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Journal of cellular physiology

17beta-estradiol downregulates beta3-integrin expression in differentiating and mature human osteoclasts.


PMID 14603529

Abstract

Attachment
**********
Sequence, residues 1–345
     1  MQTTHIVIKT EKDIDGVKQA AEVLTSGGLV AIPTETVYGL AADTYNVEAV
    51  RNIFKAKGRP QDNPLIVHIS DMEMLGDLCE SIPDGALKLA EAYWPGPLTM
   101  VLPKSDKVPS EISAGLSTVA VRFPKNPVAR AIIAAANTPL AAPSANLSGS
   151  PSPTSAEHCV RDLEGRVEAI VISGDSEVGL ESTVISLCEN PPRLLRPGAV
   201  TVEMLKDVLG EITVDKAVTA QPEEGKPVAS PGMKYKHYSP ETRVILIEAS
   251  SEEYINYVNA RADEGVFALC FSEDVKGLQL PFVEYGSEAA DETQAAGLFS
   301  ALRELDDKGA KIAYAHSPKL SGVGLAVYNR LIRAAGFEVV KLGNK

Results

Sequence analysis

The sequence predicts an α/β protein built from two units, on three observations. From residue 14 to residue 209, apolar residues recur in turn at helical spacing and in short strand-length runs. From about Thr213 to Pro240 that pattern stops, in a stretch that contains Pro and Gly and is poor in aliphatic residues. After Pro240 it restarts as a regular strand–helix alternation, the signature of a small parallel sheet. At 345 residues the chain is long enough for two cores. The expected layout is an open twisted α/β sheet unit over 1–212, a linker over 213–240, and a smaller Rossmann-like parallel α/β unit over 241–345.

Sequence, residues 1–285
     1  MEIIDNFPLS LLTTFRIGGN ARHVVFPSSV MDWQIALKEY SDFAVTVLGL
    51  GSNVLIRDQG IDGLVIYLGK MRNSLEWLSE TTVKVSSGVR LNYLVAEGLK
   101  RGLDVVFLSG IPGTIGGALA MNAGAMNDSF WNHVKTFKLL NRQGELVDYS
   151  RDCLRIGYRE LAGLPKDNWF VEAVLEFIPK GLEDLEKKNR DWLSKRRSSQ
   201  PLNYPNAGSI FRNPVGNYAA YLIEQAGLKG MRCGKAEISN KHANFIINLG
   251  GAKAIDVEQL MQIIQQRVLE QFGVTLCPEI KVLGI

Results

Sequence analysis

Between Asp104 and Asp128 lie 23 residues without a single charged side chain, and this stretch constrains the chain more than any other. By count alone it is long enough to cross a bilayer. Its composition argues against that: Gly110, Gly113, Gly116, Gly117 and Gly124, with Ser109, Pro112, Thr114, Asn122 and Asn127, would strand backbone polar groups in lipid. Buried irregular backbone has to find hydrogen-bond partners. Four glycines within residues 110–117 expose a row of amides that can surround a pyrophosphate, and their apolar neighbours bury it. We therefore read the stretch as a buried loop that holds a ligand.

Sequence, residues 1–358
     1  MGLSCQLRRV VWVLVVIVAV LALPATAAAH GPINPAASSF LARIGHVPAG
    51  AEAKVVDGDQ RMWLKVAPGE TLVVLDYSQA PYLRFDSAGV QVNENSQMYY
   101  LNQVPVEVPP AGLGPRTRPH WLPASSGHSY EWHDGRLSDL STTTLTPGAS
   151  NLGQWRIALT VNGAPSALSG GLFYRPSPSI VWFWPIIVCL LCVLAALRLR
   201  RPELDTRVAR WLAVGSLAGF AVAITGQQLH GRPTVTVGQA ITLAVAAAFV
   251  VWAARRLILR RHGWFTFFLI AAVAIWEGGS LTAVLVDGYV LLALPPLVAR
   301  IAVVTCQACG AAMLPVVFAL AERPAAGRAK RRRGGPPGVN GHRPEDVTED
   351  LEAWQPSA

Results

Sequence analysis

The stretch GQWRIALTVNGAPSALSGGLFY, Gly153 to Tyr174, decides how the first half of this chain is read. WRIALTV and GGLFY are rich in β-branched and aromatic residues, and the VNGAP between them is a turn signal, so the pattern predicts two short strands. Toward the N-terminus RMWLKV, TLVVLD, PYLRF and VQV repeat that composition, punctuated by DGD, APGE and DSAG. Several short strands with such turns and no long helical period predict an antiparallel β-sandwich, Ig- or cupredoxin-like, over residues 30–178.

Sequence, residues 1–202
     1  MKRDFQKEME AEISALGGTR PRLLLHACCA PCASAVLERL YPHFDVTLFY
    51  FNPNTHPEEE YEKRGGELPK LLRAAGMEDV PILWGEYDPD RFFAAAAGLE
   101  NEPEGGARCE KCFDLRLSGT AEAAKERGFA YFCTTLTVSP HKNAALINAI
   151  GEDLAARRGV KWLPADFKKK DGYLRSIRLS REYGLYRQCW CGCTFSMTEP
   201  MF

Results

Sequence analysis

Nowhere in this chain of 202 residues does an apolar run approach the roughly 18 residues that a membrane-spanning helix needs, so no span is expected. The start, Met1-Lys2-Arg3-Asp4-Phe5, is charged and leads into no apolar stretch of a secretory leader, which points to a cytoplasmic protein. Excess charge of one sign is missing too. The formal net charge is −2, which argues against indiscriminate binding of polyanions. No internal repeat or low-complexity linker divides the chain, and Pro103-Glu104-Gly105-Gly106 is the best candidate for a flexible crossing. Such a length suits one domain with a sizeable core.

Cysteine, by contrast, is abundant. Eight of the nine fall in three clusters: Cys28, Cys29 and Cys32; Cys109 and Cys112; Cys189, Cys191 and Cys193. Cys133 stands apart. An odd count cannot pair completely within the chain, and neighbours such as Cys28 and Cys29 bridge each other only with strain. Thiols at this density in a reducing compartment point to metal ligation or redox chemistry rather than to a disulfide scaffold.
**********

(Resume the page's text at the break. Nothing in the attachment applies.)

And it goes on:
The increased bone resorption observed after estrogen withdrawal is responsible for bone loss and may lead to osteoporosis. The mechanism by which estradiol inhibits bone resorption is known to involve decreased osteoclastogenesis, however, the effect on osteoclast adhesion remains unclear. We examined the in vitro effect of estradiol and raloxifene on human osteoclast differentiation and function. Human peripheral blood mononuclear cells were cultured with M-CSF/RANK-L for 18 days, and we evaluated bone resorption, the expression of the protein and mRNA of the integrins, c-jun and c-fos in the presence or absence of estradiol. In this human model, beta3-integrin expression increased at the mRNA and protein levels during osteoclast differentiation, whereas that of beta5-integrin did not. We found that estradiol and raloxifene directly inhibited bone resorption on bone slices by 50%, and decreased the expression of beta3-integrin mRNA (60%) and protein (20%) in a time-dependent manner. Moreover, the mRNAs of c-fos and c-jun were both diminished by estradiol and raloxifene, particularly in early osteoclasts, but also to a lesser extent in mature cells. These findings suggest that the direct inhibitory action of estradiol on bone resorption may affect human osteoclast differentiation through downregulation of c-fos and c-jun and adhesion through modulation of beta3-integrin.